That Beelzebub of the book trade, Waterstone's head buyer Scott Pack, has joined The Friday Project, according to This Writing Life. Actually, maybe Keyser Soze is more appropriate; however hard I Google "Scott Pack", the best image I can come up with is this:
It seems an unlikely pairing. Pack, if he does exist, was the man who determined exactly what selection of chick-lit, lad-lit and Whitbread wannabes would be eligible for the 3-for-2 offers that enabled Waterstone's to sodomise countless independent retailers, not to mention the likes of Ottakar's, into whimpering redundancy. The Friday Project, meanwhile, is part of the stable that brought us Hangingday, The Friday Thing and the London News Review, early attempts to make moolah from the interwebformationsupernethighway on the subscription model. My description of their online offerings (essentially literate and politically savvy tittle-tattle that appeared in your inbox at the end of the week) as "Popbitch with A-levels" still haunts the web, like a smartarsed zombie.
Together, Pack and TFP are jumping on the Blooker bandwagon and seeking to turn blogs into hard copy. So, is this an admission that web-based content (other than pop and porn) needs a pair of analogue trousers if it's going to pay its way? I do think that turning a blog into a book means that you just take away a key attraction of the former (interactivity) and replace it with a couple of selling points of the latter (you can read it on top of Snowdon, or during a power cut).
And surely there's nothing inherently wrong, creatively or commercially, with shifting content from one medium to another, even if it's just the equivalent of the CD scam (flogging us something we already own). I love Nicey and Wifey's Nice Cup of Tea and a Sit Down site, and I later enjoyed the book. Meanwhile, I discovered Tangents after picking up a copy of Alistair's book - in Waterstone's, of course. Thanks, Scott. In any case, is it really any different from me absorbing Dr Who on TV at the age of seven, and then re-absorbing all the same stories in the form of Target paperbacks a few months later? If the content is strong enough, it should be able to survive the leap. Flip back a few days to the response that Richard's idea of Blake the Blogger received...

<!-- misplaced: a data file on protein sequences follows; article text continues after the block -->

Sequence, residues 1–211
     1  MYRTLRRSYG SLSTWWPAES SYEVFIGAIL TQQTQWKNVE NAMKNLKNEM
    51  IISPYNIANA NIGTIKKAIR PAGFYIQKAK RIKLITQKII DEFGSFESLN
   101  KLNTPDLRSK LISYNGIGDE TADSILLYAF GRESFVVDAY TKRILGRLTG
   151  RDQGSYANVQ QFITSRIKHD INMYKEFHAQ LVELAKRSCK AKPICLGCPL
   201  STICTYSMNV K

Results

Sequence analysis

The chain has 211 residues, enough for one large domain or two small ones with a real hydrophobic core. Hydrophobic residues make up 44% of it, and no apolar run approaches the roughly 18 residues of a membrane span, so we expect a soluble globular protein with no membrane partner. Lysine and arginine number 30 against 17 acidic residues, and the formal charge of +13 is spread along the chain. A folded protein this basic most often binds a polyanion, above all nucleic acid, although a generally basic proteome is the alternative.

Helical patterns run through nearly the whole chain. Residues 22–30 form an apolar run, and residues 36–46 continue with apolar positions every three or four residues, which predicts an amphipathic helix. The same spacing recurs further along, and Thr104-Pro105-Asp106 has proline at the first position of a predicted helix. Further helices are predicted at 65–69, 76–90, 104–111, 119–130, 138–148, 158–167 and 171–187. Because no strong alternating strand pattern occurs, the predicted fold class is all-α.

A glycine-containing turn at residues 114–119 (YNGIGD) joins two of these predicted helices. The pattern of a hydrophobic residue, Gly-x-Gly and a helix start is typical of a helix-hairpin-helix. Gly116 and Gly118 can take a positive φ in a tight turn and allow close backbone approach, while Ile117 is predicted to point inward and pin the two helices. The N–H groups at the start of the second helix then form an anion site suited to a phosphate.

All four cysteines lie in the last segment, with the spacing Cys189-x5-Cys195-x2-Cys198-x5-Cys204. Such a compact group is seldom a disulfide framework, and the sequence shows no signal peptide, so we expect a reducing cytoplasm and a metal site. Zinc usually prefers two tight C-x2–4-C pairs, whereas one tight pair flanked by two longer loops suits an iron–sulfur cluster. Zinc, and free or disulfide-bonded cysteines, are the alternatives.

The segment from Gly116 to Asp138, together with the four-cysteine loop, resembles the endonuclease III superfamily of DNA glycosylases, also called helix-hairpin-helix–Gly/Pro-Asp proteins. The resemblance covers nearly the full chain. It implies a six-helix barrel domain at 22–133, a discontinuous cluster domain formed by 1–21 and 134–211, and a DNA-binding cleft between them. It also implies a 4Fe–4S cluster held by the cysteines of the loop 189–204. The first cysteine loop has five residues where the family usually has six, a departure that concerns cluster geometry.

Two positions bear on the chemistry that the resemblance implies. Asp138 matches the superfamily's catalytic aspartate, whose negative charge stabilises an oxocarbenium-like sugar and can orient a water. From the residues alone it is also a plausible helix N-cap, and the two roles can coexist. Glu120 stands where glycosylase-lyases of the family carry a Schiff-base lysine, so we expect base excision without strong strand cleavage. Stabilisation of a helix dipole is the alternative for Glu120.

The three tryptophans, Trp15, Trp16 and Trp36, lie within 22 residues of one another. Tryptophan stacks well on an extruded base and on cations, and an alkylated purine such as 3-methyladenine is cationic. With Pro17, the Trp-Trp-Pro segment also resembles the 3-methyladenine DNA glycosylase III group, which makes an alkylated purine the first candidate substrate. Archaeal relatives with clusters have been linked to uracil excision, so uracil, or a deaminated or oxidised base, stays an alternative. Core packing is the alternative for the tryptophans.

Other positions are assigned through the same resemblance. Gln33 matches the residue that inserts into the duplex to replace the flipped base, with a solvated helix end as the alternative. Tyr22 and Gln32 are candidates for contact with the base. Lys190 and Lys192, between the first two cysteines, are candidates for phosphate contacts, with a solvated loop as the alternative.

Last year, Michael Prochak, who writes for MacWorld, had this to say on the obstinate persistence of dead-tree media:
"Behind every effort we put into trying to conceal the formlessness of our own aspirations, there are, as quantum physicist David Bohm observed, many people who think they are thinking when they're really just re-arranging prejudices. And despite all the big dumb bastards, there's such a thing as being smart. Books help us think. But if computers stopped aping the trends set by crap TV and other dumb media, they too could become powerful tools for thought. After all, as the Buddha said, we are what we think. All that we are arises with our thoughts. And with our thoughts, we make the world."
Contra McLuhan, the message is still the message, it seems. And if we're talking about content that transcends its medium... It's not big and it's far from clever and it would certainly have the shades of my past Eng Lit teachers choking on their staffroom cuppas, but I've come to the conclusion that the greatest piece of prose written in the English language in the last 100 years, in any medium, digital or analogue, colour or black and white, is this:
"Bagpuss gave a big yawn, and settled down to sleep. And when Bagpuss goes to sleep, all his friends go to sleep too. The mice are ornaments on the Mouse Organ; Gabriel and Madeleine are just dolls. And Professor Yaffle is just a carved wooden book-end in the shape of a woodpecker. Even Bagpuss himself, once he is asleep, is just an old, saggy cloth cat; baggy and a bit loose at the seams.
But Emily loved him."